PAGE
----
In the entrepreneurial world we live in, giving and receiving advice is an interesting conundrum. It can either paralyze you by pulling you in a million different directions or accelerate your company’s growth in ways you never thought of before. This post is my advice on navigating advice.
I have been giving a lot of advice lately. I like doing it because it makes me feel like I am connecting the lessons and experiences from my two technology startups (Strangeloop and IronPoint) to people that hopefully can shortcut their learning curves.
I have also experienced receiving advice from the entrepreneurs’ perspective. I have had a big hotshot startup guy siting in front of me and talking non-stop about what I am doing wrong or what I should be focusing on. There are also those rare moments when someone points out my blind spot and with one sentence or a question accelerates my company by leaps and bounds.
Lately at GrowLab, I started to think about advice from a new perspective: As a neutral third party observer. I listen to multiple people give our cohort companies advice and then observe how they filter and make use of this advice.
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This new perspective has raised some questions that I hadn’t really thought of before. As a technology startup founder (especially as a first-timer) what the hell do you say to that confident, experienced and successful person dishing their strong opinions about what you should or should not do with your business?
It becomes more difficult when that person leaves and another equally high profile person sits in the same seat and offers their advice as well, advice that is the exact opposite of what the first hotshot tells you.
As a first-timer you want to defer to these successful people; you want another meeting or their connections, you want them to invest in your company. In the accelerator model with multiple mentors coming in and out, you have an additional challenge. You want the accelerator to think highly of you and give recommendations to that seed funding that you so desperately need.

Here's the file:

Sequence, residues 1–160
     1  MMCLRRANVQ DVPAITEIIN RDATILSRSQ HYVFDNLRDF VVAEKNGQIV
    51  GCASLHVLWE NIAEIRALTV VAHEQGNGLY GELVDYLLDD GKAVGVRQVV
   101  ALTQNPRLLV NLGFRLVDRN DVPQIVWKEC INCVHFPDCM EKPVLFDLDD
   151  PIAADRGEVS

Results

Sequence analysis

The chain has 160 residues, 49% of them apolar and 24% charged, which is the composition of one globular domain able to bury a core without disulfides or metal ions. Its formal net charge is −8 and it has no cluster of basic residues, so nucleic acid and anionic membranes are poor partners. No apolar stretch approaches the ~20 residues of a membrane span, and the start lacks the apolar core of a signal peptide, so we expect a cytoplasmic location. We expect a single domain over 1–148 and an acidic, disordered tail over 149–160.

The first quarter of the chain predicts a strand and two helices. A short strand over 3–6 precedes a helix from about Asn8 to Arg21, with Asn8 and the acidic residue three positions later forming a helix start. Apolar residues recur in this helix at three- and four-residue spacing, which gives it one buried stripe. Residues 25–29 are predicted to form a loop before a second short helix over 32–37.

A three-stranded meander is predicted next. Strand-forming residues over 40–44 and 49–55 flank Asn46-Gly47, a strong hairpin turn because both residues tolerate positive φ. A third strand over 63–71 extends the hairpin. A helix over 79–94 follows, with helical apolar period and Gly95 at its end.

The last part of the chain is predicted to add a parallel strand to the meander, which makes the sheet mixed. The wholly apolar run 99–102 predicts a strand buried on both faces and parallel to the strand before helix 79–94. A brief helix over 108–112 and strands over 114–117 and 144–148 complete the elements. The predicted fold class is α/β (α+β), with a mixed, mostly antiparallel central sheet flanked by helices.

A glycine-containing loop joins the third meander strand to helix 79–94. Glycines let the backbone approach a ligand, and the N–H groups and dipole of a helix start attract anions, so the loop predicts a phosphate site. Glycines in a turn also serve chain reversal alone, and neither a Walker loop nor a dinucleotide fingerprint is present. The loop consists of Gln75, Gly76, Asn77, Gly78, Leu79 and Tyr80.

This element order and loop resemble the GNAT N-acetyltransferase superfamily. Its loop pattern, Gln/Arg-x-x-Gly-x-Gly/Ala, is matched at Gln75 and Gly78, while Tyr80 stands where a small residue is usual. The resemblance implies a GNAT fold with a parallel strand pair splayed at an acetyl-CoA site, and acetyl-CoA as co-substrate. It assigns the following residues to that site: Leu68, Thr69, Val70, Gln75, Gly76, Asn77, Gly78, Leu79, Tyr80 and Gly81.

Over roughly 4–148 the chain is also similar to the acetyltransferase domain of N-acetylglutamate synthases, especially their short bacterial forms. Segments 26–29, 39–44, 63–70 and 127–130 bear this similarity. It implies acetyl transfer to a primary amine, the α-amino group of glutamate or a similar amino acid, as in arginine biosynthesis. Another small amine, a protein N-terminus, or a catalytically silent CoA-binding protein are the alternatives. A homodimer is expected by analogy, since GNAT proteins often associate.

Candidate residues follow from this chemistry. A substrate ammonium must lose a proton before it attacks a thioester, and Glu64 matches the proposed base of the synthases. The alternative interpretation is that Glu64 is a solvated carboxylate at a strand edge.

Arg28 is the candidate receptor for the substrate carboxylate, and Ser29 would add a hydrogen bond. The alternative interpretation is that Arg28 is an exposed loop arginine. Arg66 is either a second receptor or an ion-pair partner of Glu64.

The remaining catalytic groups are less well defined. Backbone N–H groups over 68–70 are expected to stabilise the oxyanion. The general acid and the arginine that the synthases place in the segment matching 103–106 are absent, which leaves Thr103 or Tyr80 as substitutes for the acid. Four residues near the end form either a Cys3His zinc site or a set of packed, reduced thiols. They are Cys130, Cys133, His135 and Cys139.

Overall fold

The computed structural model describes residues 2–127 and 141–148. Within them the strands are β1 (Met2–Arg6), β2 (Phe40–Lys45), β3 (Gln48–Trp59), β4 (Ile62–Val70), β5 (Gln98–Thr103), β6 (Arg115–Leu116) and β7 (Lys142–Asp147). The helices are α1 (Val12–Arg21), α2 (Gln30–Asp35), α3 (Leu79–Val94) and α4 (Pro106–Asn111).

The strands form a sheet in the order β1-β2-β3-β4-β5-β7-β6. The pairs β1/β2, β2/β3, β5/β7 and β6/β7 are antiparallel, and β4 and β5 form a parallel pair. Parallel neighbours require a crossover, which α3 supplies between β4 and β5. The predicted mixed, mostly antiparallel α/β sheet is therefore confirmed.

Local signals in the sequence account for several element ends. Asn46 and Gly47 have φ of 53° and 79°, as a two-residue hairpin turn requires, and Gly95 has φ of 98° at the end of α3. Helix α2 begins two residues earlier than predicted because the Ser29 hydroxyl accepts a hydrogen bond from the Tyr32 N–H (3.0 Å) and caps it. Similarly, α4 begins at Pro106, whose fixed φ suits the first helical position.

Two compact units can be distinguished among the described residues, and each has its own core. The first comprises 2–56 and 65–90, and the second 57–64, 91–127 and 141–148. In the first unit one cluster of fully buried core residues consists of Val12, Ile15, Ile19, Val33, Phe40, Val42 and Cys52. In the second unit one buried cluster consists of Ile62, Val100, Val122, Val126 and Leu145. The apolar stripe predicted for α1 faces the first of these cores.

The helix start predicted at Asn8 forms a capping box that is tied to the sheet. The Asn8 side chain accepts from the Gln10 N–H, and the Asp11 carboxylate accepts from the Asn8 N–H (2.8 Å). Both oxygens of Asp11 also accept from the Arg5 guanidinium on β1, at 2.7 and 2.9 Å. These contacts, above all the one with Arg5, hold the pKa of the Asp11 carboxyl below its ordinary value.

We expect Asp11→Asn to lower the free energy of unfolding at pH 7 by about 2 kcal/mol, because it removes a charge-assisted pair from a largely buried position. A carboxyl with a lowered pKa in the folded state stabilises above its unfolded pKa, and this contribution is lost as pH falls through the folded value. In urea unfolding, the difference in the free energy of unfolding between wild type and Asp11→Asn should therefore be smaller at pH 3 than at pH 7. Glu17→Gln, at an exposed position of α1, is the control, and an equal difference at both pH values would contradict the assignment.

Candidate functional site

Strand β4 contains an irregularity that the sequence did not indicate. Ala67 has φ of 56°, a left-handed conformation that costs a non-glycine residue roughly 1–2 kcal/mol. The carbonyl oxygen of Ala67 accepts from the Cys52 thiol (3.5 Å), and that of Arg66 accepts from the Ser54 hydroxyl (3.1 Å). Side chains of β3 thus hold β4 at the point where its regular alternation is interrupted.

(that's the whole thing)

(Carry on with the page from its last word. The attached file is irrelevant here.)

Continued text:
What do you do then?
Here is my advice on taking advice: Context is really important. You need to quickly filter any advice you get into one of three categories:
This is the gold standard of advice. This type of advice comes from someone who lives (or has lived) in your space, knows your buyer and your competitors. I have found that this advice tends to be the most specific, actionable and unfortunately the most negative.
It is negative because the grass is always greener on the other side and every business is a struggle. It is negative because this person has fought in the trenches and the advisor is likely jaded about the prospects of your small startup breaking into their world.
This is a fancy name for something that someone has done in a different business/industry that is directly transferable to your business. Things like HR or management related issues, finance, or sales (if the sales model is similar) are good examples.
In this category of advice you want to be careful that you are asking a lot of detailed questions about the context around the advice being given. For example, if someone is giving you advice about building or scaling your sales team, you need to understand what sales model they used, the deal size and the sales cycle to really see if the advice is relevant and applicable to your business.
This is the dangerous category of advice – one that many entrepreneurs mistaken for Domain Expertise or Transferable Expertise.
The most important weapon in you arsenal when you aren’t sure whether an advice is opinion or expertise is to ask a simple and powerful question: “Can you give me an example?” A person’s depth and wealth of knowledge on a certain topic becomes apparent when you dive deeper. If you remain unsure, sprinkle in some questions that you already know the answer to is a powerful way to see how much BS is emanating from your advisor’s mouth.
At the end of the day the best advice that I can give is “listener beware”. You are the person who knows the most about your business. Many well-intentioned advisors are happy to talk about their opinions for as long as you are willing to listen. Qualify and triangulate your advice from multiple sources quickly so that you aren’t led astray. Never forget that this is your company and you are going to need to live with the consequences of your decisions.
Jonathan Bixby is the executive director of GrowLab. Read his thoughts here or follow him on Twitter at @JonathanBixby.